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Former Enron Chief Kenneth Lay


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Former Enron Chief Kenneth Lay

by Kristen Hays, AP Business Writer

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Kenneth Lay

HOUSTON, Texas -- Enron Corp. founder Kenneth Lay, who was convicted of helping perpetuate one of the most sprawling business frauds in U.S. history, died Wednesday, July 5 of a heart attack in Colorado. He was 64.

The Pitkin, Colorado, Sheriff's Department said officers were called to Lay's house in Old Snowmass, Colorado, shortly after 1 a.m. Mountain Time. He was taken to Aspen Valley Hospital, where he was pronounced dead at 3:11 a.m. Lay, who lived in Houston, frequently vacationed in Colorado.

Family spokeswoman Kelly L. Kimberly issued a statement saying, "Ken Lay passed away early this morning in Aspen. The Lays have a very large family with whom they need to communicate and out of respect for the family, we will release no further details at this time."

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Enron Corp. founder Kenneth Lay and his wife, Linda,

make their way to federal court in Houston for the first

day of his fraud trial.

Pastor Steve Wende of First United Methodist Church of Houston, said in a statement that church member Lay died unexpectedly of a "massive coronary." Wende said Lay and his wife, Linda, were in Colorado for the week "and his death was totally unexpected. Apparently, his heart simply gave out."

Lay, 64, and former CEO Jeffrey Skilling, 52, were convicted on May 25 of setting up an elaborate scheme to deceive investors over Enron's crumbling finances prior to what was then the largest corporate bankruptcy in United States history. Sentencing for Lay and Skilling had been set for October 23 before Lay's untimely passing.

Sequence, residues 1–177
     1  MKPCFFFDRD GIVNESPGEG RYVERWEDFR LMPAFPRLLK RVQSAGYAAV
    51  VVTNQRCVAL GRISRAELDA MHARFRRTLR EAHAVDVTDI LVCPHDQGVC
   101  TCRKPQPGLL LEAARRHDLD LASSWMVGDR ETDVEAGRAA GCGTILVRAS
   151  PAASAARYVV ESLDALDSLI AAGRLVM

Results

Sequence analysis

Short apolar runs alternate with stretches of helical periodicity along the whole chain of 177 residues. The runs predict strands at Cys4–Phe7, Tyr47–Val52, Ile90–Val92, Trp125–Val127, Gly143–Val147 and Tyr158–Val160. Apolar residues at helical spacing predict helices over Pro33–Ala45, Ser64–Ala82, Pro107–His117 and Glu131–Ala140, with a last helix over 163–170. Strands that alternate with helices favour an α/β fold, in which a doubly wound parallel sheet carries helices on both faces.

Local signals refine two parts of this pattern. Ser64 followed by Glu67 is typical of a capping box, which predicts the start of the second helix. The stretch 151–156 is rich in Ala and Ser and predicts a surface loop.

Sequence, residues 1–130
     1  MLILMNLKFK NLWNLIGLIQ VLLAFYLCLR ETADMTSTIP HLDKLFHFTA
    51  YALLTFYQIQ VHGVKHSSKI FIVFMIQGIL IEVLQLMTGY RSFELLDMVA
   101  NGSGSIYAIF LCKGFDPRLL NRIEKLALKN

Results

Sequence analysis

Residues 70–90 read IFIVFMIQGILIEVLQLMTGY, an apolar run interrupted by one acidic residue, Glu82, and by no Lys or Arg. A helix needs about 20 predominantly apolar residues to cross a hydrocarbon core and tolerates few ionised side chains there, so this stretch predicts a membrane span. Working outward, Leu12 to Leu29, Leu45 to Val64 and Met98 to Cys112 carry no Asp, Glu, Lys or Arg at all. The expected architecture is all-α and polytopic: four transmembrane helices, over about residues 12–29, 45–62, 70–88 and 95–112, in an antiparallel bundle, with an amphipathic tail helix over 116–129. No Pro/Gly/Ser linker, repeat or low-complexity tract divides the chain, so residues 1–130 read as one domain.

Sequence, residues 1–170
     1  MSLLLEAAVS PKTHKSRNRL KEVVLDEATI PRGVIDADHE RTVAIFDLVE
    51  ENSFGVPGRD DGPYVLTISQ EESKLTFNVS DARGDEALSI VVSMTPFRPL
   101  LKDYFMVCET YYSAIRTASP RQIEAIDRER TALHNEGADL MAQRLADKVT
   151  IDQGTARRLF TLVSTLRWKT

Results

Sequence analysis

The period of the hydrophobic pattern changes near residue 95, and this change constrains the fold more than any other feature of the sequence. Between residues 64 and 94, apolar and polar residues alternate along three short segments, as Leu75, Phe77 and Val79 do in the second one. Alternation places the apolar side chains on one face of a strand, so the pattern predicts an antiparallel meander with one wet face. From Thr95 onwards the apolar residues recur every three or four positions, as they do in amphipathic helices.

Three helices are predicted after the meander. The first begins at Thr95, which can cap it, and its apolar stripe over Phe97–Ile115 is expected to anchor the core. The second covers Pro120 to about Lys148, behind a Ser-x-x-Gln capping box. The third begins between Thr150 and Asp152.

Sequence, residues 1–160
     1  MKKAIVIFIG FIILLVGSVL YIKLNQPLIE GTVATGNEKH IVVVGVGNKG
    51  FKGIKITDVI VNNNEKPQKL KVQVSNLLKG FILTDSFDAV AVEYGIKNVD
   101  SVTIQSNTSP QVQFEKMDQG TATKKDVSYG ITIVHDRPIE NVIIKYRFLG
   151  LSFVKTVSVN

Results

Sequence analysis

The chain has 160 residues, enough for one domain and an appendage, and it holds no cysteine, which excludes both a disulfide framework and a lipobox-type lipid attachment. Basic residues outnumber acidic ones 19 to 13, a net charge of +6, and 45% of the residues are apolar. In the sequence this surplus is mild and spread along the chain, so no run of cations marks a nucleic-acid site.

Lay and Skilling were convicted after their trial culminated a four-year investigation into one of the biggest corporate scandals of recent history. A prominent Republican fund raiser, Lay was found guilty of six fraud and conspiracy charges, and federal bank fraud charges in a separate trial. He faced a maximum of 165 years in jail.

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Ken Lay is sworn in at a Senate Commerce Committee

hearing on Capitol Hill.

Born April 15, 1942 to a poor Missouri family, Lay worked his way up in the ranks of business and founded Enron in the 1980s from the merger of two pipeline companies. He remained chief executive except for a brief period in 2001, and then took back the post of CEO until the company's bankruptcy filing later that year.

Lay developed ties with former president George Bush, played golf with president Bill Clinton, and contributed generously to President George W. Bush's 2000 campaign, as well as his earlier campaign for Texas governor in 1993.

Lay is survived by his wife, Linda Phillips, five children and stepchildren; three sons, Mark, David and Beau; two daughters, Robyn and Elizabeth; 12 grandchildren and two sisters, Bonnie and Sharon. Funeral arrangements are pending.

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